Orosensory contributions to dysphagia: a link between perception of sweet and sour taste and pharyngeal delay time

Barbara R. Pauloski*, Sazzad M. Nasir

*Corresponding author for this work

Research output: Contribution to journalArticle

2 Scopus citations

Abstract

Pharyngeal delay is a significant swallowing disorder often resulting in aspiration. It is suspected that pharyngeal delay originates from sensory impairment, but a direct demonstration of a link between oral sensation and pharyngeal delay is lacking. In this study involving six patients with complaints of dysphagia, taste sensation of the oral tongue was measured and subsequently related to swallowing kinematics. It was found that a response bias for sour taste was significantly correlated with pharyngeal delay time on paste, highlighting oral sensory contributions to swallow motor dysfunctions. Investigating the precise nature of such a link between oral sensation and dysphagia would constitute a basis for understanding the disorder. The results of this study highlight oral sensory contributions to pharyngeal swallow events and provide impetus to examine this link in larger samples of dysphagic patients.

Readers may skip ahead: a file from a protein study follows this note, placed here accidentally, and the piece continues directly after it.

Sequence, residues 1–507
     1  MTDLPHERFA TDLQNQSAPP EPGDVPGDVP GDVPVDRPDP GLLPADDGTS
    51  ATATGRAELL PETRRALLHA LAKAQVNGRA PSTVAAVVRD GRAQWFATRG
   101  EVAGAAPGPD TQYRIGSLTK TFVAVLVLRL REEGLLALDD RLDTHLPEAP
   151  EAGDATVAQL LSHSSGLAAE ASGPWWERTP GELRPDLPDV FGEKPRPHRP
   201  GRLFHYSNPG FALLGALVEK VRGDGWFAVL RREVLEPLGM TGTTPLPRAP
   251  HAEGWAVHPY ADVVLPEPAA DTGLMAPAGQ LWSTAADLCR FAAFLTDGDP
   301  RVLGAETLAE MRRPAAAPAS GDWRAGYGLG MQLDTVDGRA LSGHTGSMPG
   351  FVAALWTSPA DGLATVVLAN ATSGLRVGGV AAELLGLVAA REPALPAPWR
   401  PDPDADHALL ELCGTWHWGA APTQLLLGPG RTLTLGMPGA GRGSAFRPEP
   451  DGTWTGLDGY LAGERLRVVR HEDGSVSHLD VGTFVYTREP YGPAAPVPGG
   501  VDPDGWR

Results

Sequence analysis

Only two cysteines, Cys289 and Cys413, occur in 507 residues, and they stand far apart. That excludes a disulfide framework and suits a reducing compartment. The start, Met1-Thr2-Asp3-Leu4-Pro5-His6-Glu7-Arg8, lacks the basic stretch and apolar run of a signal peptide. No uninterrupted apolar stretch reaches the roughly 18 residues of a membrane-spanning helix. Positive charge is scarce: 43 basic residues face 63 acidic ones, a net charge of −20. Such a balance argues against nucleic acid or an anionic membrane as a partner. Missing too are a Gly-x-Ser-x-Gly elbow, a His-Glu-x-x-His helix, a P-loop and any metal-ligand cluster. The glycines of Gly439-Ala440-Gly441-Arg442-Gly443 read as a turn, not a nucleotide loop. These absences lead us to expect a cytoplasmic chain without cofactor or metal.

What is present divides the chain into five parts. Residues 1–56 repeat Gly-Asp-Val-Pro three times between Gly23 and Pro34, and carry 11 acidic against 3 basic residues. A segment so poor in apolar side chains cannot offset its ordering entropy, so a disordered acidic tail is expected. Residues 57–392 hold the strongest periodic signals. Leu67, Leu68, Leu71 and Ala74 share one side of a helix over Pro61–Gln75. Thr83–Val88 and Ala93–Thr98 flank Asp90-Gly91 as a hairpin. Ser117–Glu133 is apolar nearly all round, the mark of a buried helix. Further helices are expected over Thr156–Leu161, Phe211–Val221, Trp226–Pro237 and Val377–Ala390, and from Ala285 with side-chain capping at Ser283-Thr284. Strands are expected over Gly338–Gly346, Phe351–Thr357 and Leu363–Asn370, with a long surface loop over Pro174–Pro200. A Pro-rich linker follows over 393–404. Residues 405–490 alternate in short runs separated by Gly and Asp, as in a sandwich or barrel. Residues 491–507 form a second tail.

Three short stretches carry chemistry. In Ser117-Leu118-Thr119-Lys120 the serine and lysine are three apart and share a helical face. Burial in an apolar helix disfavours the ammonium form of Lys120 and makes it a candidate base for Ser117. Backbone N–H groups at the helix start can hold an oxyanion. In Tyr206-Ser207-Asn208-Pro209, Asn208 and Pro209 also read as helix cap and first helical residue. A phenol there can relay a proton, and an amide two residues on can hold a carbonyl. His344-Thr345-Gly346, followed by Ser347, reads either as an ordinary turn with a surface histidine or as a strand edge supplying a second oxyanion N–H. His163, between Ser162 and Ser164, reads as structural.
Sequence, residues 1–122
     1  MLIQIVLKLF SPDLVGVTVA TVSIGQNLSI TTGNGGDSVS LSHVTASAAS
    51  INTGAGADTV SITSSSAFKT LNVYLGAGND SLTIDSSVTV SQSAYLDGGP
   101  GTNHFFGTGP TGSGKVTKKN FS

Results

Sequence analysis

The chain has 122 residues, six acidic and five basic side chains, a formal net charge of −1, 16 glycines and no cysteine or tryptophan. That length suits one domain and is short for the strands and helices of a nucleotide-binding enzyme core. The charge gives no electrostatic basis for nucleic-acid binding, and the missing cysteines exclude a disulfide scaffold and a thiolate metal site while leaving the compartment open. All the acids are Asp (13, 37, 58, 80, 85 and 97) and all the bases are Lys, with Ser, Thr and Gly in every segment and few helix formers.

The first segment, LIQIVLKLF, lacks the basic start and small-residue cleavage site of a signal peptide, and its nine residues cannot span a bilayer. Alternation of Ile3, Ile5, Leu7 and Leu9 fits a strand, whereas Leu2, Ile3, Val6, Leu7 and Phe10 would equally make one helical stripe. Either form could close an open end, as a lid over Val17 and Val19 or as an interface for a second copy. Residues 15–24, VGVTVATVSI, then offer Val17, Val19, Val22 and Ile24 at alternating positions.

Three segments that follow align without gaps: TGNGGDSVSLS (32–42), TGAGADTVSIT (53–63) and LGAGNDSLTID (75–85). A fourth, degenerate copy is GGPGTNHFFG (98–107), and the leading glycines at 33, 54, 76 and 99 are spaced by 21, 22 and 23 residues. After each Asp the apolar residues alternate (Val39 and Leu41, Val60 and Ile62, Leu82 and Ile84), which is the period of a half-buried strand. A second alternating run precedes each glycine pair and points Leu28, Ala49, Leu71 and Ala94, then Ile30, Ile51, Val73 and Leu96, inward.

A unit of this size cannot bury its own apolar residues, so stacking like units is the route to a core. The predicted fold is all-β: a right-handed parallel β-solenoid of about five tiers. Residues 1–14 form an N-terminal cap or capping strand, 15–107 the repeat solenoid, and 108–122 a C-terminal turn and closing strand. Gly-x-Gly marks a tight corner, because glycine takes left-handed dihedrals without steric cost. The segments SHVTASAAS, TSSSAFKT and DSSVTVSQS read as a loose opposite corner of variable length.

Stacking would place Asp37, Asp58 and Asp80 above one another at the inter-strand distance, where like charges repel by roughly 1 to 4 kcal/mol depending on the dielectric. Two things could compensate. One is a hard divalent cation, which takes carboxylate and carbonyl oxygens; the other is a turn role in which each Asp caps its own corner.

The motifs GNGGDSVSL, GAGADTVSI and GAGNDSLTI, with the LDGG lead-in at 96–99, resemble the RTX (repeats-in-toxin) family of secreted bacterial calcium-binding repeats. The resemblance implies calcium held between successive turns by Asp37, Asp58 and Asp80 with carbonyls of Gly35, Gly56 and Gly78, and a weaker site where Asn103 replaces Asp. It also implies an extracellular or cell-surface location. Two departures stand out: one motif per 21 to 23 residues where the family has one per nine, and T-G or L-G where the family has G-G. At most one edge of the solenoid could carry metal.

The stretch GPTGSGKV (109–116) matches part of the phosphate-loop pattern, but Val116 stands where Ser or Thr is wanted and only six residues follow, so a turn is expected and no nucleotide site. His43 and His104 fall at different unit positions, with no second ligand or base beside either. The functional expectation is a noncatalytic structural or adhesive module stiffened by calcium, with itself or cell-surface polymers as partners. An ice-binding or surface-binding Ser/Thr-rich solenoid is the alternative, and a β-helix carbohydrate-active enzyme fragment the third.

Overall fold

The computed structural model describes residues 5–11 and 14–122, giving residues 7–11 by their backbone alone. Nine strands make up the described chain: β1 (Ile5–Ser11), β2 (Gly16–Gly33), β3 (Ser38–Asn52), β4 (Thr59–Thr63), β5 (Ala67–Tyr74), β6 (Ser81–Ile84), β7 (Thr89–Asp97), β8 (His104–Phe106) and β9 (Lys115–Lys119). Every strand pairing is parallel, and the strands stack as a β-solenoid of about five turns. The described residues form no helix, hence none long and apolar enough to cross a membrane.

Original languageEnglish (US)
Article numbere12752
JournalPhysiological reports
Volume4
Issue number11
DOIs
StatePublished - Jun 1 2016

Keywords

  • Citric acid
  • deglutition
  • deglutition disorders
  • sucrose
  • taste perception

ASJC Scopus subject areas

  • Physiology
  • Physiology (medical)

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